- What is their background? Contractor? Engineer? What qualifies them to inspect homes?
- Does their company carry errors and omission insurance?
- Are they a full time inspector?
- How long should the inspection take? The average is one hour per thousand square feet, however this can vary depending on the house and the parties present.
- Does they get on roofs when possible?
- Does they get in crawlspaces when accessible?
- What kind of report will you receive, and when will you receive it?
What is a listing inspection and why do I need one?
As home inspections become more frequent and more popular, there is a growing trend towards the use of pre-listing inspections. Realtors and sellers are recognizing the benefits of obtaining a pre-listing home inspection. Statistics have shown identifying and addressing potential problems before the property is listed results in a quicker sell. Furthermore, the seller can list the house with more confidence. Listing the various property issues with potential buyers will allow for a more informed offer, decreasing negotiation time.
What is mold?
Molds are part of the natural environment. Molds are fungi that can be found anywhere inside or outside throughout the entire year. About 1,000 species of mold can be found in the United States, with more than 100,000 known species worldwide.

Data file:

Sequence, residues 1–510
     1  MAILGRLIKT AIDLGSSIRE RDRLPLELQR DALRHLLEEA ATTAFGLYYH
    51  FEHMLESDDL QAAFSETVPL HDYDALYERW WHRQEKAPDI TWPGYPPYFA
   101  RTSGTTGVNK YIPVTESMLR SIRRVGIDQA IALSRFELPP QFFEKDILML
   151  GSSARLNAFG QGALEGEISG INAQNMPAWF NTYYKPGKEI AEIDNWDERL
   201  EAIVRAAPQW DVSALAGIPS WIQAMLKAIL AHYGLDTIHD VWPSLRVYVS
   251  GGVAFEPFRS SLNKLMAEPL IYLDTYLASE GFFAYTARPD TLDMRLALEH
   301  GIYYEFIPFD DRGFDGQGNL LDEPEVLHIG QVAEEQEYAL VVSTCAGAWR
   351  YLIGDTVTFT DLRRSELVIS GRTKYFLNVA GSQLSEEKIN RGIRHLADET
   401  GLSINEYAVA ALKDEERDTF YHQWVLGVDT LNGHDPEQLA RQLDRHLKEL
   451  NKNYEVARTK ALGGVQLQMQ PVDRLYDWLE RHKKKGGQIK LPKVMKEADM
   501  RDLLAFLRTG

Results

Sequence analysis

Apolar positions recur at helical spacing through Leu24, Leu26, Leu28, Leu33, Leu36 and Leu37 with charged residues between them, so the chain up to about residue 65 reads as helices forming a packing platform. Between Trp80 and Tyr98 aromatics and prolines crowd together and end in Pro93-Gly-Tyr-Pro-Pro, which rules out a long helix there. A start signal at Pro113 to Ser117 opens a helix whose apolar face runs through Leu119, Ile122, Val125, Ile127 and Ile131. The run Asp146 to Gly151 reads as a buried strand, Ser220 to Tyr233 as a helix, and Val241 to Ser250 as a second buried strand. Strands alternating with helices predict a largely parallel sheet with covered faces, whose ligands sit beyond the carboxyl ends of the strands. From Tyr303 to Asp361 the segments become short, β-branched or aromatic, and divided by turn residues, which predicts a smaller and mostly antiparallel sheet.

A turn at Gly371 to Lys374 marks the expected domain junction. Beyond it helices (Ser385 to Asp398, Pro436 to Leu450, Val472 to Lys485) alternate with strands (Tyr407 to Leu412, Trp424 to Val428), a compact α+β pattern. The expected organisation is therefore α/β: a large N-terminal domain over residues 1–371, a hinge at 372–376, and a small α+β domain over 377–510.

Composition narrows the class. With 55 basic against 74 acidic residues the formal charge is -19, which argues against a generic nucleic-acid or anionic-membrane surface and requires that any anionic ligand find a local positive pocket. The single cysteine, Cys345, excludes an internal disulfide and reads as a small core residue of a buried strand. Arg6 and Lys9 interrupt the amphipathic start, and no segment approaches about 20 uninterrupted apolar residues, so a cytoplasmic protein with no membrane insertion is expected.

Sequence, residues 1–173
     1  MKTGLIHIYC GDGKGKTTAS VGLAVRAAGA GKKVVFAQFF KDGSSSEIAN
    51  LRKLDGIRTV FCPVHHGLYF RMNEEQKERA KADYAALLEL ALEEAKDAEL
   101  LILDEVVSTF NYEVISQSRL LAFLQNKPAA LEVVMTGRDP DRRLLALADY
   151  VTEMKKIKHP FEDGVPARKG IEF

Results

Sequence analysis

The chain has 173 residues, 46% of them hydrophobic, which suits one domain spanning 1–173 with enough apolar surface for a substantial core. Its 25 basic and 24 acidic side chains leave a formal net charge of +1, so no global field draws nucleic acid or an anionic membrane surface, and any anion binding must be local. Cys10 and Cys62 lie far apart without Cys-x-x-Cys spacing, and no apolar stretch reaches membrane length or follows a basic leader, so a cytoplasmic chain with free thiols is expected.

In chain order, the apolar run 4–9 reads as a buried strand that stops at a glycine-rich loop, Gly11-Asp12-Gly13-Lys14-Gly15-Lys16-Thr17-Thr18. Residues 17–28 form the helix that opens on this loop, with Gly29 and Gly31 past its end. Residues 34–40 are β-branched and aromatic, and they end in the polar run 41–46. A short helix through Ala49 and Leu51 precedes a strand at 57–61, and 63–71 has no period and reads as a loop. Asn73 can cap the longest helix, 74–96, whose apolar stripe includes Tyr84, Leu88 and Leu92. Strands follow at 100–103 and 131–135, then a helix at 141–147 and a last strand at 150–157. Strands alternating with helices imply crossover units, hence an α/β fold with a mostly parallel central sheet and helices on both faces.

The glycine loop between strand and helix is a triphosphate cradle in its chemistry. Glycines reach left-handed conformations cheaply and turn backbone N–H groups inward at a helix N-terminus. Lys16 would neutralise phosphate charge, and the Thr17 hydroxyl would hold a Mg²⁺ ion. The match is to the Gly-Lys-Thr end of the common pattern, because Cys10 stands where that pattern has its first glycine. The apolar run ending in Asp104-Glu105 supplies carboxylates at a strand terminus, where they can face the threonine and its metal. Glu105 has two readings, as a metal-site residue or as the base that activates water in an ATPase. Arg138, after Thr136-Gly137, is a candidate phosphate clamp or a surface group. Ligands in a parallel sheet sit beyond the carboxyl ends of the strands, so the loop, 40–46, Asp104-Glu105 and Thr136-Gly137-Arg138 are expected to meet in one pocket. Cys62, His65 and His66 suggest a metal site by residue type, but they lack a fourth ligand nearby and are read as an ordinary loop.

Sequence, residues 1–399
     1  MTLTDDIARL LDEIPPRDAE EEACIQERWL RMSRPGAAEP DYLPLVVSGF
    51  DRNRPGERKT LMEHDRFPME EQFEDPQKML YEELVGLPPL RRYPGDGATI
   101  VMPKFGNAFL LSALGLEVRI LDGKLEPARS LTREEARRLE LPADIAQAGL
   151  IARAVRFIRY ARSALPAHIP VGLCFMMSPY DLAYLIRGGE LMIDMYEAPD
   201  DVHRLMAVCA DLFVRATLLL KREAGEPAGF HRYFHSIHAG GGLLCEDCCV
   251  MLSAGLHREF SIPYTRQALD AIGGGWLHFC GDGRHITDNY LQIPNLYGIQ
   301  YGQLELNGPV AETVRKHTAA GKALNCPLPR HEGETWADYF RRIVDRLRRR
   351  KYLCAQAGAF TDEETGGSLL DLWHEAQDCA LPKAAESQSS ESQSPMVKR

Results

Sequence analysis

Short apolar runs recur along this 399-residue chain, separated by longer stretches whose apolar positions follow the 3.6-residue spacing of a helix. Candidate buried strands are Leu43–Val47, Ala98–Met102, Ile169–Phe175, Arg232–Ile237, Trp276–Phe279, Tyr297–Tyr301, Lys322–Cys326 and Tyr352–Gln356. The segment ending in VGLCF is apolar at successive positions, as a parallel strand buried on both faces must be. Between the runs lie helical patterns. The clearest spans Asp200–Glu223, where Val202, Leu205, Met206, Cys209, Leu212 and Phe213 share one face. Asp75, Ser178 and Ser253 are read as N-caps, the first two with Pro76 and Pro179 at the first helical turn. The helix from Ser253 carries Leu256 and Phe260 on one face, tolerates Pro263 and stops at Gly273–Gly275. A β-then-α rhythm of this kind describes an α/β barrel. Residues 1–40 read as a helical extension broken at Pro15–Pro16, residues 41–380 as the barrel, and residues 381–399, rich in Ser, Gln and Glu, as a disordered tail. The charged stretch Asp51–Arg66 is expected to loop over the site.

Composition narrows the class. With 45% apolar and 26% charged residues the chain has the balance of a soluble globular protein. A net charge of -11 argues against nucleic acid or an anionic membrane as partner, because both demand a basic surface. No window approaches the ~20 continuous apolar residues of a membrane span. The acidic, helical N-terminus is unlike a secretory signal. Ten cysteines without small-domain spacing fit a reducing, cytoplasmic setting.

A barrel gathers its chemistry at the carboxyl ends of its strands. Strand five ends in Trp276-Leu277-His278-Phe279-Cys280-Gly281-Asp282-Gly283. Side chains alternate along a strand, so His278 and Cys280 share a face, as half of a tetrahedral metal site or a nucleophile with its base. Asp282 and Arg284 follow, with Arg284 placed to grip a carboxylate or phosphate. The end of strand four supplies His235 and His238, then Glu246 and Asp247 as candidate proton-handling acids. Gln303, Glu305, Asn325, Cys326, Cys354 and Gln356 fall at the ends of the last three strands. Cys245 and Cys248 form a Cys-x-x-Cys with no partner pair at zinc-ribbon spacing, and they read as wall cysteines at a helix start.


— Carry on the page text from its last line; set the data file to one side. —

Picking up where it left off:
Outdoors, molds play an important role in nature by breaking down organic matter such as toppled trees, fallen leaves and dead animals. We would not have food and medicines, like cheese and penicillin, without mold.
Indoors, mold growth should be avoided. Problems may arise when mold starts eating away at materials, affecting the look, smell, and possibly, with respect to wood-framed buildings, affecting the structural integrity of the buildings.
Molds can grow on virtually any substance, as long as moisture or water, oxygen, and an organic source are present. When excessive moisture or water accumulates indoors, mold growth often will occur, particularly if the moisture problem remains uncorrected. While it is impossible to eliminate all molds and mold spores, controlling moisture can control indoor mold growth.
All molds share the characteristic of being able to grow without sunlight; mold needs only a viable seed (spore), a nutrient source, moisture, and the right temperature to proliferate. This explains why mold infestation is often found in damp, dark, hidden spaces; light and air circulation dry areas out, making them less hospitable for mold.